Saturday, 1 September 2012

Quis ut Deus?

I woke up starving. I have a craving for pancakes so I find myself back at El Gato Negro eagerly anticipating my chocolate banana pancakes making their way to my corner. The sun is shining and the ocean wind is ripping through the streets and through the blue painted bars on the front of the cafe. As I try to piece together how my day will unfold I remember that last night I had a meeting with a really friendly tattoo artist in town and we got to talking about doing a piece on me. I have been keeping an eye open for a tattoo artist I could relate to and inspire to do a piece on me. I felt good about this guy, who is coincidentally called... Guy.

We brainstormed a bit, and I picked his brain to gauge how he views the art he does. I like his style and I was really impressed with his shading techniques and facial features. He has some cool inspiring views of the art he does and also the art he plans to do. We exchanged ideas about what inspires us each as artist and I told him about a tattoo project I've been interested in for a while. I want an Archangel Michael tattoo and I wanted to see a version he would come up with having complete creative control so I supplied him with a few examples of various artistic depictions of this guardian angel and we talked about what he represents. I hope to see something amazing today when we meet again.
I began to remember what was taught to me by my father about Archangel Michael. Michael actually means "Who is like God" I knew this as my middle name and the name of my father is Michael. For quite some time now I mistakenly depicted that to mean the name Michael meant "someone who is like god" or a "god-like person" but I quickly realised that that translation is completely opposite to the proper. It's funny the different meanings you can derive from simple words. The traditional Hebrew definition poses it as a rhetorical question, "Who is like God?" as if anyone could suggest they are like god. I find this a timely revelation on my part as I just finished reading Ishmael and from what I gather the premise of the teachings of that book are to trust the gods and to realise that man does not have the power to decide who lives and who dies. We are not like gods in that respect we must be humble and accept the fate of all species. Life and death cycles are in the hands of the gods. Man isn't here to conquer the earth we are here to steward over it and maintain its perfect harmony. Our 10,000 year history of civilisation is one long drawn-out failure to recognise that simple fact.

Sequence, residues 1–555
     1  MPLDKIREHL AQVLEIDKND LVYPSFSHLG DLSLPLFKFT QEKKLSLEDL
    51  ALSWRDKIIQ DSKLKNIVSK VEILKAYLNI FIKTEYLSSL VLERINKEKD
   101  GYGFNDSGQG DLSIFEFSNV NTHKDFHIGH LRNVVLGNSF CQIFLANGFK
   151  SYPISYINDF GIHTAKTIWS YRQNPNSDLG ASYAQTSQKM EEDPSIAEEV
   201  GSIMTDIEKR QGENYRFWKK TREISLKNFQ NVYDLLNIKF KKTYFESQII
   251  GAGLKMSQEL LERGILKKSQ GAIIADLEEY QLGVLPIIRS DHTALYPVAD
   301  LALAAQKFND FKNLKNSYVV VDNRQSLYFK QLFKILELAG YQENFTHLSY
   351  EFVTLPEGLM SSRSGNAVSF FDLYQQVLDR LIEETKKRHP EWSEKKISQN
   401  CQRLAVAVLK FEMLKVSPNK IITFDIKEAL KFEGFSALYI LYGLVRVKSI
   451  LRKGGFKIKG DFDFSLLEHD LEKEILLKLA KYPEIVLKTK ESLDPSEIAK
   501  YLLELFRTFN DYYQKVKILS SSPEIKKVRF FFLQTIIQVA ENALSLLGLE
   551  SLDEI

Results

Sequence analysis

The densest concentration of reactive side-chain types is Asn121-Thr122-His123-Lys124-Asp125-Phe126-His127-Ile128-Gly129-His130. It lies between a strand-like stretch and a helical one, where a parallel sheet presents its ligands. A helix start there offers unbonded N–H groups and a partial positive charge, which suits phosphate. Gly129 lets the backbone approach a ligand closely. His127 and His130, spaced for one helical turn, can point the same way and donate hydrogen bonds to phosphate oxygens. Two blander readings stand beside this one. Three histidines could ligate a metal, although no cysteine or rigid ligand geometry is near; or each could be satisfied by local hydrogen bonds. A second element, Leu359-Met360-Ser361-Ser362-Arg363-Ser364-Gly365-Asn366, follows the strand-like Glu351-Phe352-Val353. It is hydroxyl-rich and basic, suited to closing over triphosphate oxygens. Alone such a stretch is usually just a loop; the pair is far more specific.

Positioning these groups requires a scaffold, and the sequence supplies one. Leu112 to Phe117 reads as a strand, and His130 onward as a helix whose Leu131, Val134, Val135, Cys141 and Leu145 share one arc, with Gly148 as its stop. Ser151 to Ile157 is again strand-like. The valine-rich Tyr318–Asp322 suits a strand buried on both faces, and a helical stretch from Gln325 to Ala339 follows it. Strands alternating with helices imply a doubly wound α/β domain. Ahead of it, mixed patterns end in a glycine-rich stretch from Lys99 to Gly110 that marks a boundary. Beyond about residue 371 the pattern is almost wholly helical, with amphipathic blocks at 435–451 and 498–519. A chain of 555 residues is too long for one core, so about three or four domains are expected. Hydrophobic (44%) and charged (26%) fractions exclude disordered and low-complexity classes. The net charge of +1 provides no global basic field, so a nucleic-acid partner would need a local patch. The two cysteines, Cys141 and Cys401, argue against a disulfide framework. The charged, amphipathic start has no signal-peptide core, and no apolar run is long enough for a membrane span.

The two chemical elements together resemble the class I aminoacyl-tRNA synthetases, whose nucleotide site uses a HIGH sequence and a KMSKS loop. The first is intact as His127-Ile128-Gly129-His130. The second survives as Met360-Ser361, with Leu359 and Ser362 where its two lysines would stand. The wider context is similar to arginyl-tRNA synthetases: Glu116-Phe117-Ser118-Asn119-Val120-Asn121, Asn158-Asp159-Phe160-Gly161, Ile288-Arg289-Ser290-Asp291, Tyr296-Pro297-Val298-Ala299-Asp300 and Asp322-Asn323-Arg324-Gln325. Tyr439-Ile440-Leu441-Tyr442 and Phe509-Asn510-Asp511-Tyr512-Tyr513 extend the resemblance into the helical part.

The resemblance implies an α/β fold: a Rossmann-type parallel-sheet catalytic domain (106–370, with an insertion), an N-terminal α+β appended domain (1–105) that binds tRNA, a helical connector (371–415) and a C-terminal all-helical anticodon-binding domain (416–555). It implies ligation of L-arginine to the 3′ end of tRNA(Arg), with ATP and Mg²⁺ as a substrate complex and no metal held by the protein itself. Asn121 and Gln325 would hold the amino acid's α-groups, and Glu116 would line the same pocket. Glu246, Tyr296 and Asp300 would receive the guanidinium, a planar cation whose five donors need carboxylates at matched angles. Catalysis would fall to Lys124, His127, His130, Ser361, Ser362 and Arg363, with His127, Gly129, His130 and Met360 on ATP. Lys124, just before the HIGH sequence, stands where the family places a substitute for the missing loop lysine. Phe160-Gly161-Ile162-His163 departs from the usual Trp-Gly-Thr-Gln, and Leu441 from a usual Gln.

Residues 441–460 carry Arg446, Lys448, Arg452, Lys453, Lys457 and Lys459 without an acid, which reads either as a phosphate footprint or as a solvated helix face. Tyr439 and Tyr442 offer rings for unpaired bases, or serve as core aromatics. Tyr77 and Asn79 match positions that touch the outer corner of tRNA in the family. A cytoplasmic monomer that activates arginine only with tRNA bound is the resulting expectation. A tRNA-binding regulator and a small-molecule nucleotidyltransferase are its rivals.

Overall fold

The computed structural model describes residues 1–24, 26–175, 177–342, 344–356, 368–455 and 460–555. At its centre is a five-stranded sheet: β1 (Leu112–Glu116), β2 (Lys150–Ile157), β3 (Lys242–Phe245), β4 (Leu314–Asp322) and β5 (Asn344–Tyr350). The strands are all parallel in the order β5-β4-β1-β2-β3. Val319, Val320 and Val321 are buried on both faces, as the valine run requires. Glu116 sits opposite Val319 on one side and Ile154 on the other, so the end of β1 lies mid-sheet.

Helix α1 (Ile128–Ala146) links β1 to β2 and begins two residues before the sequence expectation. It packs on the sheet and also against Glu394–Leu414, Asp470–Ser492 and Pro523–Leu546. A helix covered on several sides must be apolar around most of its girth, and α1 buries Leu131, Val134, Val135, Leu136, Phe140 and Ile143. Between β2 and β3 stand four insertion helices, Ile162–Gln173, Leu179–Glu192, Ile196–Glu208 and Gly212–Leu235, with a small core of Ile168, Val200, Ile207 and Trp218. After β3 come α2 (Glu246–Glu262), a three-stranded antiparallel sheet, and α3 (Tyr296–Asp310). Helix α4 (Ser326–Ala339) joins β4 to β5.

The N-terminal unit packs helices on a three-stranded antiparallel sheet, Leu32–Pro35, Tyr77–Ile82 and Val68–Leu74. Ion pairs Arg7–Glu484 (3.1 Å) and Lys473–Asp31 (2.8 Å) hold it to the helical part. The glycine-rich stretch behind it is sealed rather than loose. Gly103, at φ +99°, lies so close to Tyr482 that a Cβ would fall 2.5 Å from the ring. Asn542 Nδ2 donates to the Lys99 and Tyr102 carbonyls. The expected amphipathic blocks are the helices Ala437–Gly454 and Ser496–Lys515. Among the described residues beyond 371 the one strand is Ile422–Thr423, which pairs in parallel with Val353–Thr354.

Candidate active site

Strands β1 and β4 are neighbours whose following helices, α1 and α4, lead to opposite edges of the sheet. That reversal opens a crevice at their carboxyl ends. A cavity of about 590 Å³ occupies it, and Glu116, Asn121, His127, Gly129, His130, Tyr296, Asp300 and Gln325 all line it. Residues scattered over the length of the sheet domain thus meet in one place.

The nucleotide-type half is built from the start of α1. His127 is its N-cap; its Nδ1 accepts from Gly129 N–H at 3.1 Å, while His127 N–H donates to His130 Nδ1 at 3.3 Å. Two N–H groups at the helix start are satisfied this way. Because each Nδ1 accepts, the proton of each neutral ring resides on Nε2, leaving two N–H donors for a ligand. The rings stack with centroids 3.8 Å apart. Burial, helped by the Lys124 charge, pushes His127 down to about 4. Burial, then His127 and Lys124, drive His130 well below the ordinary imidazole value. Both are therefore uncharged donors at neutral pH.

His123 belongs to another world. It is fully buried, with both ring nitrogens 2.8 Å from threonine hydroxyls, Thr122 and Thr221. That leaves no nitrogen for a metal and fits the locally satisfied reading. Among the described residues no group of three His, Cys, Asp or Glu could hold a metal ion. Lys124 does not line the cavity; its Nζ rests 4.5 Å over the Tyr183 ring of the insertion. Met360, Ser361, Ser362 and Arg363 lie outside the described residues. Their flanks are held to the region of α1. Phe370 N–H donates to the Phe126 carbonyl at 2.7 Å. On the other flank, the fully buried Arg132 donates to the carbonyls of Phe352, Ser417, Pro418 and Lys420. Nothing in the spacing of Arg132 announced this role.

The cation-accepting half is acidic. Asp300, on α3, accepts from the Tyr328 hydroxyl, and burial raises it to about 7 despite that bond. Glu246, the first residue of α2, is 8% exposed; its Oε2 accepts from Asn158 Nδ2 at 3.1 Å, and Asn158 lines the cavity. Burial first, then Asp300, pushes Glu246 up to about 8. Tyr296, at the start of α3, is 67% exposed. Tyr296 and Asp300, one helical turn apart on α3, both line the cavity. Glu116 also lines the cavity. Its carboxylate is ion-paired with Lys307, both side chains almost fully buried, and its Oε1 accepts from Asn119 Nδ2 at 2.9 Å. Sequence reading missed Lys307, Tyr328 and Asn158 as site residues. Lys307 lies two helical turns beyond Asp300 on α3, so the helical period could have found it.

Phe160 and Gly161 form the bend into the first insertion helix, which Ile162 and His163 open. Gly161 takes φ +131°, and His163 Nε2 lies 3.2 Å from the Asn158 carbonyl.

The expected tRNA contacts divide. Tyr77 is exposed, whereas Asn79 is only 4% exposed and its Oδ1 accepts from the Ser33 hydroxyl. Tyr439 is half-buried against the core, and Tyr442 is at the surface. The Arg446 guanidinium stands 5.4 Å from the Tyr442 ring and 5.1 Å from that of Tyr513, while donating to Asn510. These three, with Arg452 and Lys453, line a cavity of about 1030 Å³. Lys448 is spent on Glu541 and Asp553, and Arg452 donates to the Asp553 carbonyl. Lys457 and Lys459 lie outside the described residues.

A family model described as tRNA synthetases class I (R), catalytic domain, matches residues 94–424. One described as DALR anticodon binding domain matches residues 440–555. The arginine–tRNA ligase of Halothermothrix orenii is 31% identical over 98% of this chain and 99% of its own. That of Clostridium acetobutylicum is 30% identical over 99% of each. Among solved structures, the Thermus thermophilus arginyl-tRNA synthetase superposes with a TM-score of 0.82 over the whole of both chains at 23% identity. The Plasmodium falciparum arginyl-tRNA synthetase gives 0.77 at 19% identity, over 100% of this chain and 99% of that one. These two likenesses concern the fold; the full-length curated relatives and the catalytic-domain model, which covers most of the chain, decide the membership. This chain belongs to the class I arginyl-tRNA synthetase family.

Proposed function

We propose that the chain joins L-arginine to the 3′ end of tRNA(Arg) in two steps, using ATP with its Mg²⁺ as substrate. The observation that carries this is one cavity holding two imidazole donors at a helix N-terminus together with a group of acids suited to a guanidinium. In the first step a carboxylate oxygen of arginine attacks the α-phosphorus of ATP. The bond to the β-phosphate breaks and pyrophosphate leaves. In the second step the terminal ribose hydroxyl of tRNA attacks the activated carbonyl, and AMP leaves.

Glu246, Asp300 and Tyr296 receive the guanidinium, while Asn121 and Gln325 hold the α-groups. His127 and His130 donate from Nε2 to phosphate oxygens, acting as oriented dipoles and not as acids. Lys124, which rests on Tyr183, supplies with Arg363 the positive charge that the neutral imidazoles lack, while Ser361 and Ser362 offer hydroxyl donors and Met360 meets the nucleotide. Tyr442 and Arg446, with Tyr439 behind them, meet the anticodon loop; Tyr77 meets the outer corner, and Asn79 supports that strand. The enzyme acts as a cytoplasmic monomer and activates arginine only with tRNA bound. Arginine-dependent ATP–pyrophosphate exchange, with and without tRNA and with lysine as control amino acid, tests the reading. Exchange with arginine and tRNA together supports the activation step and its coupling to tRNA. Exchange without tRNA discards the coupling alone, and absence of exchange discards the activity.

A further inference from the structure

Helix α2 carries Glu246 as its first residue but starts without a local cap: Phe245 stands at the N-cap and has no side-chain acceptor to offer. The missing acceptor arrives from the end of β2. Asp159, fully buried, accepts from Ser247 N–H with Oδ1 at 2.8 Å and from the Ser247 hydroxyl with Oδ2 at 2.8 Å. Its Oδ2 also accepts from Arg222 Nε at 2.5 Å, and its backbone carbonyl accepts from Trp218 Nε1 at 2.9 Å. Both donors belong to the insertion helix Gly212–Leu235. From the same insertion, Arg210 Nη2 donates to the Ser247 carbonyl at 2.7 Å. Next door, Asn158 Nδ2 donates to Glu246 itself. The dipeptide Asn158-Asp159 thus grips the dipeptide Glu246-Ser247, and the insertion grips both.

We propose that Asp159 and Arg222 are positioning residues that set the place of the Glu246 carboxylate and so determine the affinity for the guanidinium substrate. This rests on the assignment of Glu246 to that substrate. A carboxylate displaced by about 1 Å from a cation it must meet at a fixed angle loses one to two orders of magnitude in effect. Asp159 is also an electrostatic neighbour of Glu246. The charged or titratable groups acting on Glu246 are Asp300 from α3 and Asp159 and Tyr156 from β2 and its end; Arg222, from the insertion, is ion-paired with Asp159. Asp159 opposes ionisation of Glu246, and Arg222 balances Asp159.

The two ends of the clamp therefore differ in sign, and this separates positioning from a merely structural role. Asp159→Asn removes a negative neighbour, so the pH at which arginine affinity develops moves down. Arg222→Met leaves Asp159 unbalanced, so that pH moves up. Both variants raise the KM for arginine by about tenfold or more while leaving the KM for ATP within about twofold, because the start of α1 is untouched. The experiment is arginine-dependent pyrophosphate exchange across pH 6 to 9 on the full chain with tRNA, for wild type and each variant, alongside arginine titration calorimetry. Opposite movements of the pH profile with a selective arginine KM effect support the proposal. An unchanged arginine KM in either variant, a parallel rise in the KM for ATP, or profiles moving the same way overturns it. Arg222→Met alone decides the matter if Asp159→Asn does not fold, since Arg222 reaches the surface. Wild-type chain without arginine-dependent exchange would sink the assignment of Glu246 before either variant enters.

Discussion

Armed with these contemplations I am eager to see what Guy draws up.

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